Furthermore, the debt that comes from loving another belongs, Kierkegaard claims, in the same category of debt that we owe to God for redeeming us from sin. In fact, we essentially roll over the debt of love into that greater one: “It is God who, so to speak, lovingly takes over the demand of love; by loving a person, one who loves comes into infinite debt—but also to God as guardian for the beloved.” And because the debt of love, like our debt to God, can never be completed, the answer to love’s infinite demands is not to simply give and give to exhaustion. Rather, we fulfill love’s debt moment by moment, delighted to find that love still calls us to give once again
How, then, might Kierkegaard’s theory apply to the modern quest for domestic equity? For one, Kierkegaard warns against comparing the love we have for others with their love for us. “In comparison,” he writes, “everything is lost.” By weighing our love on a scale, we reduce its transcendent potential to a finite resource that can be portioned out, thus removing love from its element and, like a fish removed from water, causing it to “droop and die.”
This reminder against comparison suggests that as we strive to balance household responsibilities, we have to be mindful not to exploit that balance to justify ourselves or to belittle our beloved. Pressed for additional help, it might be all too easy to respond, “I have just as many tasks as you do; figure it out.” Even going above and beyond one’s responsibilities can be self-serving: “Look at all the extra work I’m doing; why can’t you do the same?” Such comparisons warp the ideal of equality into a counterfeit of love. “The moment of comparison is a selfish moment,” Kierkegaard warns, “a moment which wants to be for itself.”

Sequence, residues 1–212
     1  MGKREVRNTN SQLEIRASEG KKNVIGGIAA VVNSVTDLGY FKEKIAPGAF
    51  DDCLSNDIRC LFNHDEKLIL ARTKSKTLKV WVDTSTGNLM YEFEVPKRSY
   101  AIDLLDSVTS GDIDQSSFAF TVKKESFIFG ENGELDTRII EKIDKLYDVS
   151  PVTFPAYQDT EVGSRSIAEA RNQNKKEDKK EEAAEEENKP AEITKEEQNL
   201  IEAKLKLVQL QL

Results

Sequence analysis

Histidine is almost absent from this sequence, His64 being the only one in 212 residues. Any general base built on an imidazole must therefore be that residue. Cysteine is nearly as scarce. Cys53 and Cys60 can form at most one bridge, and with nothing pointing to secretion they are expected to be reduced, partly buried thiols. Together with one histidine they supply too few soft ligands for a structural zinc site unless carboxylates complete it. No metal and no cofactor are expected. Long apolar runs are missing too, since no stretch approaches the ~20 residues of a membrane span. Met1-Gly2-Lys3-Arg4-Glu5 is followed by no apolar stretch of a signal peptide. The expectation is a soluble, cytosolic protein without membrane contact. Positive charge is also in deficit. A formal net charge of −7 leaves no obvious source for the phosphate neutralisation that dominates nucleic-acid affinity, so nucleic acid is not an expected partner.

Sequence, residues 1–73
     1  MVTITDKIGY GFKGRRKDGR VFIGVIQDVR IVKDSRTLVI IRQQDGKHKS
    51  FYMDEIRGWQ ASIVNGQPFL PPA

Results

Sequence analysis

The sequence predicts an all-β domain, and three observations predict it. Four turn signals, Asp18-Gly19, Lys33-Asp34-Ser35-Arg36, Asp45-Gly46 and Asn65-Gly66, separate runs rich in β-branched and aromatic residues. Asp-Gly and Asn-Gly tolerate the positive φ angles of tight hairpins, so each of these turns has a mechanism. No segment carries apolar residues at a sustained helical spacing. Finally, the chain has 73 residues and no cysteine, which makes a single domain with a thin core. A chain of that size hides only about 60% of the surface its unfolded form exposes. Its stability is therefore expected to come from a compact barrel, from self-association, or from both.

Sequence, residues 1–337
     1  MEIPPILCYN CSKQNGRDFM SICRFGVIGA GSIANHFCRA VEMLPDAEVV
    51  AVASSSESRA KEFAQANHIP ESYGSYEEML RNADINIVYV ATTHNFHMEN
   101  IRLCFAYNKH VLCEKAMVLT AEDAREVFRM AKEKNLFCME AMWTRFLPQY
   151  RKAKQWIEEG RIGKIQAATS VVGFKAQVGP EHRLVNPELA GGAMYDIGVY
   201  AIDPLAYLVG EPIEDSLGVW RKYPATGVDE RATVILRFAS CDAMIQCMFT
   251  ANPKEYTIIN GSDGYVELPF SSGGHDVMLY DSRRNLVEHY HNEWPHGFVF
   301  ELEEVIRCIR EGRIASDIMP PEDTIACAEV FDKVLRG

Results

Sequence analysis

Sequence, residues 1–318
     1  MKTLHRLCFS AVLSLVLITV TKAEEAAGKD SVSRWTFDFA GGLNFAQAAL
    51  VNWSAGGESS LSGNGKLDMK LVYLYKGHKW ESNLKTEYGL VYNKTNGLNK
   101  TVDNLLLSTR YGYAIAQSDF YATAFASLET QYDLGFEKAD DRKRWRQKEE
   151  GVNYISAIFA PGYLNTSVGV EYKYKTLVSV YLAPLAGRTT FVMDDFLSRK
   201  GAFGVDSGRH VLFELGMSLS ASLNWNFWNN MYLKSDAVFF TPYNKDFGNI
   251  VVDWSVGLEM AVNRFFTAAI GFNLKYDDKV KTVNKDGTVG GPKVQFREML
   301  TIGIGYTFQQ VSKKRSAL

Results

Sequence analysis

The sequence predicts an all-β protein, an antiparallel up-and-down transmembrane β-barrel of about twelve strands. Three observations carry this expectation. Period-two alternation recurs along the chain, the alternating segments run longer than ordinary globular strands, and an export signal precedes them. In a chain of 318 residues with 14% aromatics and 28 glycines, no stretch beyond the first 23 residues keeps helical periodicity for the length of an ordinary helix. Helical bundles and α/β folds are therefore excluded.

Kierkegaard’s argument also calls us to be mindful that, as we seek for parity, we do not become overly complacent. One advantage of a method like Fair Play’s is that it can help us feel confident that our contributions at home are equitable and appreciated. But if we take that satisfaction as a sign that we can brush our hands clean, that our work here is done, then we risk reducing our love to a series of tasks that can be checked off. The paradox of love’s infinite debt is that when we are “gripped by love,” to use Kierkegaard’s phrase, we will never fully feel like equal partners. For no matter how well we distribute household tasks, we will still desire to remain indebted to our beloved, to wish that we could do more. Even if we feel content in knowing that we are striving to do our part, we will never want to imagine ourselves so at ease as to believe that love’s debt has been absolved.
A couple can best achieve equality, then, not when they pursue it directly but when each commits themself to honor love’s infinite debt to the other. Equality thus comes in much the same way that, according to Elder Dieter F. Ucthdorf, obedience comes to those saved by grace: ”as a natural outgrowth of our endless love and gratitude.” Two people gripped by love will become equal because love will inspire them to strive for so much more. The limitation of Fair Play, such as it is, is not that its method is too idealistic; rather, it is not idealistic enough.
Dallin Lewis (Ph.D., University of Notre Dame) is an assistant professor of English in the Division of Humanities at Southern Virginia University.